The vast range of unregulated information available to DHS through these private companies is troubling. Access to Individual Taxpayer Identification Number (ITIN) data is of particular concern, as federal law generally protects tax-filing information from being disclosed. ITINs, which are issued so people can file tax returns and use banking services, are available to individuals who are not eligible for a Social Security number. The inclusion of ITIN data in the information harvested by these companies raises questions about how they obtain the data.

Data brokers play a significant role in feeding information into other databases and systems. DHS has access to driver’s license databases through state criminal justice networks, a state-owned nonprofit called Nlets, and specific state networks such as, until recently, Washington State’s Driver and Plate Search (DAPS) database. But it also has access to driver’s license and vehicle information through data brokers, who can buy information from states. As reported by the New York Times Magazine, “[I]n 2017, [Washington’s Department of Licensing] earned $26,371,232 selling driver and vehicle records to 19 principal data brokers, including Experian, LexisNexis and R.L. Polk — a group of companies that had its own relationships with some 34,500 ‘subrecipient’ brokers, including TransUnion, Acxiom and Thomson Reuters” (emphasis added).

So even as states limit access to driver’s license data through their own networks, they must be mindful of the data that brokers are buying from them, which can then be used by DHS for immigration enforcement.

In an early executive order, the Trump administration reversed DHS policy that had applied Privacy Act protections to all persons whose information is in a database or system that includes U.S. citizens and noncitizens with various immigration statuses. Instead, it would protect only citizens and lawful permanent residents. In addition, DHS generally exempts its own records systems from Privacy Act protections, including those systems that rely on information from outside the agency.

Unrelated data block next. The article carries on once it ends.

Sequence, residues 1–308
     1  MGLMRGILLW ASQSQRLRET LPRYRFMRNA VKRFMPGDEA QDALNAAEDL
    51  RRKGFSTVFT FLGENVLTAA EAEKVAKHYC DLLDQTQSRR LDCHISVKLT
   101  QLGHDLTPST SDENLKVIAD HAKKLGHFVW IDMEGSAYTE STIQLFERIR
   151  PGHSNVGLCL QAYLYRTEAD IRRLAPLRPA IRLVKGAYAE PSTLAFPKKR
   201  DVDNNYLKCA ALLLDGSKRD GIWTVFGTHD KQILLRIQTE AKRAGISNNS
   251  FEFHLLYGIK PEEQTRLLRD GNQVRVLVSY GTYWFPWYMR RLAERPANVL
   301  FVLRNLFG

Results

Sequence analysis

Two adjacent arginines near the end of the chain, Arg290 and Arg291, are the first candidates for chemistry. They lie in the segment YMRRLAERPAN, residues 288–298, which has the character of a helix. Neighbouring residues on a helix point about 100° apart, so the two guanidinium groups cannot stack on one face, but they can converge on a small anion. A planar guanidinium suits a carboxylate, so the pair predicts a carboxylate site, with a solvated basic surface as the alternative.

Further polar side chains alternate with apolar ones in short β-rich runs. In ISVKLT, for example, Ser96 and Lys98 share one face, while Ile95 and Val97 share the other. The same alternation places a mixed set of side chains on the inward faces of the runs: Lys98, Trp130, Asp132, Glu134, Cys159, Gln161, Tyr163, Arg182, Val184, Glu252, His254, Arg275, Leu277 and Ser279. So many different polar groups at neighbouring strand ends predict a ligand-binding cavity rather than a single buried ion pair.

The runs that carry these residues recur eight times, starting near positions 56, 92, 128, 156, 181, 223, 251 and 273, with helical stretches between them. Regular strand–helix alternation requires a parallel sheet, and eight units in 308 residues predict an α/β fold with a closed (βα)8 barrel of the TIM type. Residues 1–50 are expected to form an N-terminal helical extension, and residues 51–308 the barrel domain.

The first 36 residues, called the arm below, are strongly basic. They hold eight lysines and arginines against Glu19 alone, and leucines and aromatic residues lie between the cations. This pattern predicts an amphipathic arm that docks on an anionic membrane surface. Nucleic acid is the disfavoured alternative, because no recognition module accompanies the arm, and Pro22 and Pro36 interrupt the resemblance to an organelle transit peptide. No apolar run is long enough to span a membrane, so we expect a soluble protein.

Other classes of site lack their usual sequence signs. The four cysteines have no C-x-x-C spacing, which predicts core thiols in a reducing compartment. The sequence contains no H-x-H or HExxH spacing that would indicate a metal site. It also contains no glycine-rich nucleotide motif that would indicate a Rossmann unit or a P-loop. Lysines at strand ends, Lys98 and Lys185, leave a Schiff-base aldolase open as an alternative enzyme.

The commercial databases that DHS relies on are even more unregulated and shielded from public scrutiny than DHS databases. As private entities, these companies’ practices are not necessarily subject to the Privacy Act, which “governs the collection, maintenance, use, and dissemination of information about individuals that is maintained in systems of records by federal agencies,” or by the Freedom of Information Act’s disclosure requirements.

The Trump administration continuously vets and monitors immigrants via these data-gathering and surveillance systems. This practice certainly harms noncitizens and undermines their rights, but it also undermines U.S. citizens’ privacy rights, because the surveillance systems indiscriminately sweep up and store information about all of us. The government and its vendors must be held accountable for this unfettered access to our personal information.

Joan Friedland is a NILC consultant and the primary author of our report “Untangling the Immigration Enforcement Web: Basic Information for Advocates about Databases and Information-Sharing Among Federal, State, and Local Agencies.” She formerly was a managing attorney at NILC.